All the predictable nightmares are hardly hypothetical and may even rival the Obamacare rollout. Los Angeles voters approved a $1 billion bond to provide computers (currently 31,000) to the system's 651,000 K-12 polyglot students. But, according to the LA Times, some 300 students overrode the security filters of their school-given laptops to access Facebook, Twitter, and who knows what else (though it could be argued that here the students learned an occupationally relevant skill). Equally predictable is that some of these notebooks have vanished and rest assured, the trick to defeating safeguards will quickly disseminate through the tech-savvy youth culture (but Apple promises a software fix to reduce thievery). Nor does the school board have much of an idea regarding content of these computerized lessons. That's still in the works.
Ironically, as thousands of LA students struggle with basics, the school district is allocating classroom time to teach a "cyber security awareness program" to promote "digital citizenship" "... to ensure consistent and effective practices for intervening when a student is found violating the basic principles of digital citizenship." John Deasy, the LA school superintendent, even called the laptop hand-out a "civil rights issue."
The Detroit and Los Angeles experiences are true more generally. In Guilford County, North Carolina, the distribution of tablets was halted thanks to broken screens and overheated batteries among other hitches. In Texas the Fort Bend school district scraped their $16 million "free" iPad program due to multiple administrative breakdowns and poor outcomes.
Yes, some districts have not yet experienced these roll-out problems but even if everything goes as planned, the opportunity costs are sizable -- thousands of hours of administrative planning, millions in purchases and support services and countless hours of classroom time spent learning the software (and the upgrades), not English or math.
Will this ambitious magic bullet investment pay-off? Frankly, nobody yet knows and the scraps of empirical evidence hardly counsel optimism. Even an organization dedicated to this mission worldwide -- One Laptop Per Child -- fails to offer a scintilla of evidence that laptops actually promote learning. It may take decades of careful analysis (while tens of billions are spent) to reach a firm conclusion and the educational stakes are huge. Other than promoting computer skill by turning the classroom into a video arcade, America may well go backwards as mastering computer skills soaks up time better devoted to old-fashioned but guaranteed classroom learning.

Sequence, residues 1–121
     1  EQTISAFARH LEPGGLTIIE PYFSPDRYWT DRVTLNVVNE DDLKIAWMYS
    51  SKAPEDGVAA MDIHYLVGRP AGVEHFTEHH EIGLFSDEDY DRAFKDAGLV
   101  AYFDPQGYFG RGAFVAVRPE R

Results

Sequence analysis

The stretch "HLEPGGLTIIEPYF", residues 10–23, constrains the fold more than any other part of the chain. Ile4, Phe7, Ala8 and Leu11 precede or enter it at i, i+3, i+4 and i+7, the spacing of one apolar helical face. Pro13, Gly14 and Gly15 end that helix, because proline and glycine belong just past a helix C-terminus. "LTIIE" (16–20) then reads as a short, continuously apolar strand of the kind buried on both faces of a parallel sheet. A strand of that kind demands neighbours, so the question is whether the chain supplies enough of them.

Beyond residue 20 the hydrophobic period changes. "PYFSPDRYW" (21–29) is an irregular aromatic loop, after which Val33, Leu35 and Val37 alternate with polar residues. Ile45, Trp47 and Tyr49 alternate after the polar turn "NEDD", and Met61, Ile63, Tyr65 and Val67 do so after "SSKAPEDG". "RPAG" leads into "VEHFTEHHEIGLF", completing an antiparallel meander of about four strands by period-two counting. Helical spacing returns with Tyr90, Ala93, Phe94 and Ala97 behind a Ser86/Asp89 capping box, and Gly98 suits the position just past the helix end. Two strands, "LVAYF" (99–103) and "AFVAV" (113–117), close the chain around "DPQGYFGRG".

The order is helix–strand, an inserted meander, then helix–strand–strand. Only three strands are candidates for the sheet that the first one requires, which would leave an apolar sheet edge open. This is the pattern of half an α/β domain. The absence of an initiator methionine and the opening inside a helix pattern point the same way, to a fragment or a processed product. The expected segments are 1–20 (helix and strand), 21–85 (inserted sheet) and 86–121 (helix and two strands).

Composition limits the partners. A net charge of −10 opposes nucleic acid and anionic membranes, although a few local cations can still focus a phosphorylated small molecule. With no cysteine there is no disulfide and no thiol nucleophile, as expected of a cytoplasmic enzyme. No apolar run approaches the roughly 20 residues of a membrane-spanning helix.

There's an awkward explanation for this billion-dollar technological deus ex machina: having failed to move the needle despite intense public pressure for miracles, educators are desperate and thus readily embrace glittering technological fixes (and in the case of Detroit, free Nikes). All cheered on by financial beneficiaries such as Apple, software firms, and unemployed techies. But, less obvious though more relevant, handing out free iPads outshines cracking the whip -- let alone corporal punishment -- over apathetic students with terrible work habits. Better to squander tens of millions than agitate students and their parents who care little about education. Today's learning must be painless, what could be more fun than playing with a fancy computer? No more boring memorizing vocabulary words, endless drill to master long division or untold hours spent deciphering Shakespeare. Perhaps some future computers will have a command called "Save in my brain."